Dayton man arrested after giving food to homeless without a permit; Some say city law ‘criminalizes’ charity

A handful of community members say they are outraged that Dayton police last weekend arrested a man who was handing out food to the homeless because he did not have a permit.

“Does the city of Dayton really want to enforce unjust and unconstitutional laws?” said Lee Cook, who was at the event and who lives in East Dayton. “This city claims to be a human rights city but will arrest you for feeding a stranger for free — what a joke.”

But Dayton Mayor Jeffrey Mims Jr. said there’s more to the story, and the man was warned and did not follow officers’ orders and police had to enforce the law.

“We have rules that we all have to follow,” he said. “It’s just common sense: You just can’t have people running around in public spaces like that, just giving stuff without having any sets of rules or guidelines.”

On Sunday, April 7, a group of people gathered at Courthouse Square at Third and Main streets in downtown Dayton to hand out burritos and other items to people experiencing homelessness.

A group called Nourish Our Neighbors helped host the meal service.

Organizers and volunteers had about 300 free meals to hand out but they only got to distribute about 100 meals when police stepped in and told them to stop, said Red Goodwin, who lives in East Dayton.

Goodwin said police told them that they were violating a city ordinance that states it is against the law to prepare or distribute food, clothing or toiletries in a public place within the central area of the city without a city permit.

Violations of the city ordinance are a fourth-degree misdemeanor.

Goodwin said her husband, Mitchell West, was arrested after giving two burritos to a homeless man who was going to feed them to his dog. She said her husband, who is a military veteran, was handcuffed but was later released.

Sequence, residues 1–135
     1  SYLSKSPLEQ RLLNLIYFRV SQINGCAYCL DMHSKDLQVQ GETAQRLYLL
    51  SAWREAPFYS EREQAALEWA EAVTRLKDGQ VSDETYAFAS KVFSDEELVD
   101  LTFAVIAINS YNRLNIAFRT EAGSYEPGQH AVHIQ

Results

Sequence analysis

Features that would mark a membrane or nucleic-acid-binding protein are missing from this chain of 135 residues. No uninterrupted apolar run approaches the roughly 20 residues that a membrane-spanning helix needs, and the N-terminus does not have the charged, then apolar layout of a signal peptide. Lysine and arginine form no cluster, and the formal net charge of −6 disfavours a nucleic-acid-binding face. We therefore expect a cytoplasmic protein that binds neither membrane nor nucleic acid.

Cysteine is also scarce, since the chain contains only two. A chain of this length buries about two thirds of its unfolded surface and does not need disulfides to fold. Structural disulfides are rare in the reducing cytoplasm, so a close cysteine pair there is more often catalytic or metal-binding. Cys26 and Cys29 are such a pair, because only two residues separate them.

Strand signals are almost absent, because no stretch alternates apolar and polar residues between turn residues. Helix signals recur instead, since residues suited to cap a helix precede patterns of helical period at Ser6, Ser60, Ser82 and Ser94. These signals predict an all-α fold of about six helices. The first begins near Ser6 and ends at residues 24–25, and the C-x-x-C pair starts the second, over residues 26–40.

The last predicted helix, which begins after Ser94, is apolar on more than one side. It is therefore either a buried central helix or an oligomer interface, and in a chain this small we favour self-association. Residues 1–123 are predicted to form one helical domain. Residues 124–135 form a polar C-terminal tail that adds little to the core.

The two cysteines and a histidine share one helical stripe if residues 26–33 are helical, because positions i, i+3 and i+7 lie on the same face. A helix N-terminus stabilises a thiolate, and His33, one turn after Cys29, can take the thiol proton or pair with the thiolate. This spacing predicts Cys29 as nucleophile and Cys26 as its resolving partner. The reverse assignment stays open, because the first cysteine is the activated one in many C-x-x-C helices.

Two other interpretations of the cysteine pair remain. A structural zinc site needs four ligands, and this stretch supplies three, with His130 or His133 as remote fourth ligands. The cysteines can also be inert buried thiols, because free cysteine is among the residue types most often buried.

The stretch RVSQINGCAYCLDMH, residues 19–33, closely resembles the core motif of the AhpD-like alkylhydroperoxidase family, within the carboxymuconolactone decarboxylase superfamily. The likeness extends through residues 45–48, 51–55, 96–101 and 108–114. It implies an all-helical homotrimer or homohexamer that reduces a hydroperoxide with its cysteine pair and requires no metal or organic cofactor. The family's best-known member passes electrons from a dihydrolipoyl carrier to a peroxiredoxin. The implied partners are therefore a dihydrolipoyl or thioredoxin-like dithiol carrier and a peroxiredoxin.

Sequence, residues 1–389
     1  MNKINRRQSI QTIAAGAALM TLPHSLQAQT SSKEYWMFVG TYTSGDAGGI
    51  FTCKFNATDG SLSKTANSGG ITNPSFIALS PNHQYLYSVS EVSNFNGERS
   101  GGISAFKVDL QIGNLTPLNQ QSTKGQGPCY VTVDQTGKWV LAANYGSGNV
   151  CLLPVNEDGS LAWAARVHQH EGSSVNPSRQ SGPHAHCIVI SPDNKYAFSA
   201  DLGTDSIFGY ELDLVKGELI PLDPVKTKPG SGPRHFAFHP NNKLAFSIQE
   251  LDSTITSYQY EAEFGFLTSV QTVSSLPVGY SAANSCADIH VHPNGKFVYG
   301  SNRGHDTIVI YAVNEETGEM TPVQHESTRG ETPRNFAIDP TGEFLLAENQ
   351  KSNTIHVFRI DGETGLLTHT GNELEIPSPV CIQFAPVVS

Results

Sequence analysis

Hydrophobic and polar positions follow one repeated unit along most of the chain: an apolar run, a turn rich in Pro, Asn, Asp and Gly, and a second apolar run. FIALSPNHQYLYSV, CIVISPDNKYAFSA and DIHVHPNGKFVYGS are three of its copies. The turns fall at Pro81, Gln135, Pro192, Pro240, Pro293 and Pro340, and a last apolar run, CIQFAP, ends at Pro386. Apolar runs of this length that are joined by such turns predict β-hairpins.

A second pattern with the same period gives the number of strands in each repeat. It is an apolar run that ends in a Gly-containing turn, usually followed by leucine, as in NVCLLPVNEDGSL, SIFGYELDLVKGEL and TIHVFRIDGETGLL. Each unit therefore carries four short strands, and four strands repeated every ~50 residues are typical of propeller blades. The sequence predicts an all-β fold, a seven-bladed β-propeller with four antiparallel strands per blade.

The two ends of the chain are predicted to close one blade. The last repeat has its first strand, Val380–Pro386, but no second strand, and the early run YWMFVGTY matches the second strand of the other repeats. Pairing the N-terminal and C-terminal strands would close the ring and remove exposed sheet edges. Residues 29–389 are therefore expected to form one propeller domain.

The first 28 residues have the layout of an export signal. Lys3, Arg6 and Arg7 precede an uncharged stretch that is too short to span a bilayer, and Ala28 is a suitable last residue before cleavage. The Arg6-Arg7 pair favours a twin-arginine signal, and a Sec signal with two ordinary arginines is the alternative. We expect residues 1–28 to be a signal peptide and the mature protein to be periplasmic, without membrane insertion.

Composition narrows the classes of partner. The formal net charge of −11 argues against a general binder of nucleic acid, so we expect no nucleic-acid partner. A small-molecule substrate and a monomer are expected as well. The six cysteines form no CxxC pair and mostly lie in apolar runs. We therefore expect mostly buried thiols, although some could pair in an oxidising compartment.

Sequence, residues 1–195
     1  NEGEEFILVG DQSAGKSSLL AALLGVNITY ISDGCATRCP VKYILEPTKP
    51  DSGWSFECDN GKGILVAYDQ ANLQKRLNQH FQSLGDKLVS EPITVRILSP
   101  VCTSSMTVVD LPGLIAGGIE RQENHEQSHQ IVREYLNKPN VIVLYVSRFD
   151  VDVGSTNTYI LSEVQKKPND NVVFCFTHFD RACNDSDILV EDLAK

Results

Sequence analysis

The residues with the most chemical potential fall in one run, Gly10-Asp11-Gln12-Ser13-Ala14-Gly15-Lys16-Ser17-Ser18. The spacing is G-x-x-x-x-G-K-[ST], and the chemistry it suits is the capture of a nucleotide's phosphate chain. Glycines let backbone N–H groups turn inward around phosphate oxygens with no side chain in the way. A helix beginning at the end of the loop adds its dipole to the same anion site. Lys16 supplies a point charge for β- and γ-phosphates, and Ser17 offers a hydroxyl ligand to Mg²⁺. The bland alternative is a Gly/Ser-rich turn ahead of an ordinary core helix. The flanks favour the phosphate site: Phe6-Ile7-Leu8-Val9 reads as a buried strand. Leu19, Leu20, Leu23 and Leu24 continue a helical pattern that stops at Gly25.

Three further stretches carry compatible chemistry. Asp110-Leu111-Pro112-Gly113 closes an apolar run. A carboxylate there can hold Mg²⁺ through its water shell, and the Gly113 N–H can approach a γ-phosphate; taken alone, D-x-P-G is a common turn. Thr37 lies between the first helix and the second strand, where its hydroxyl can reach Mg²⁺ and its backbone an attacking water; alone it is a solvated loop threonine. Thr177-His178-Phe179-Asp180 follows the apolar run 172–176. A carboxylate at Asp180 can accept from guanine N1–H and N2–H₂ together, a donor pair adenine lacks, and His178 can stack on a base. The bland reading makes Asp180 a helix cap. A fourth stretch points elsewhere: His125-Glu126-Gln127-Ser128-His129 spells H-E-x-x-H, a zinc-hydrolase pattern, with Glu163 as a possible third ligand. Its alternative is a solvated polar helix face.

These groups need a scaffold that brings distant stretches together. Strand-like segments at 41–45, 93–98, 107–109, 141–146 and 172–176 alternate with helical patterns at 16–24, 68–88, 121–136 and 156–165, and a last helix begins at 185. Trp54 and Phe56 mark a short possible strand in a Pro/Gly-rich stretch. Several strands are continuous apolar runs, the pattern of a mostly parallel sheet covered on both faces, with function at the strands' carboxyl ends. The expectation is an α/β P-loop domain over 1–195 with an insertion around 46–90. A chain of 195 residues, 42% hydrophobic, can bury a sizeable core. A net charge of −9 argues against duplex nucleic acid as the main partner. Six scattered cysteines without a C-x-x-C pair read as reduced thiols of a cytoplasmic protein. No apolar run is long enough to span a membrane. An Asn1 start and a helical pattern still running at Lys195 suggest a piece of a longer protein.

Goodwin, Cook and other people in attendance said they cannot believe Dayton has a law on the books that “criminalizes” helping the needy.

Cook said they were just trying to build community through distributing food.

Cook said giving meals out to unhoused community members is a basic act of kindness and she thinks the city ordinance violates her First Amendment right to freedom of assembly.

Goodwin said unhoused community members are being treated unfairly by local police, businesses and other organizations because they are trying to push people experiencing homelessness out of sight and out of mind.

She said the city ordinance is an example of the “criminalization of the unhoused.”

“On Sunday, Dayton police showed up to our service and scared our neighbors away,” she said.

Mayor Mims said he talked to multiple people who were at Courthouse Square that day who indicated police officers were nice and courteous.

But the mayor said at least one person defied police directions to stop handing out food, which led to his arrest.

Mims said the city has rules about food distribution for a reason — to ensure the safety of community members.

Five community members who spoke at the city commission meeting on Wednesday said the city should rescind the ordinance.

City Commissioners Shenise Turner-Sloss and Darryl Fairchild said they want to review the ordinance, which was passed in 2005.

Turner-Sloss and Fairchild said they also want more information about what happened on Sunday.

Fairchild thanked speakers for bringing this incident to their attention.

Mayor Mims told this newspaper, “We’ll have to look at the whole ordinance. Again, we can’t change an ordinance that was meant to take care of all of the people in the city of Dayton because of one incident.”

Other cities across the nation also have laws that prohibit people from distributing goods and food in public spaces without permits.

The Dayton Daily News reached out to the city and police department for further comment.

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